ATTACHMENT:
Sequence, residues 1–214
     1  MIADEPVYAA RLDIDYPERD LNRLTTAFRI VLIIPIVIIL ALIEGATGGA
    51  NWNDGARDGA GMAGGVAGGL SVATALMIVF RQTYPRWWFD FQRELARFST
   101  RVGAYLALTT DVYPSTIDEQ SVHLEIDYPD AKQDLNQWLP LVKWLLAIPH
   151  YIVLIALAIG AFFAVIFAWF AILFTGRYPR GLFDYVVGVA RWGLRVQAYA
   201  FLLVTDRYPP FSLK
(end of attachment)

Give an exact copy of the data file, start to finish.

Sequence, residues 1–214
     1  MIADEPVYAA RLDIDYPERD LNRLTTAFRI VLIIPIVIIL ALIEGATGGA
    51  NWNDGARDGA GMAGGVAGGL SVATALMIVF RQTYPRWWFD FQRELARFST
   101  RVGAYLALTT DVYPSTIDEQ SVHLEIDYPD AKQDLNQWLP LVKWLLAIPH
   151  YIVLIALAIG AFFAVIFAWF AILFTGRYPR GLFDYVVGVA RWGLRVQAYA
   201  FLLVTDRYPP FSLK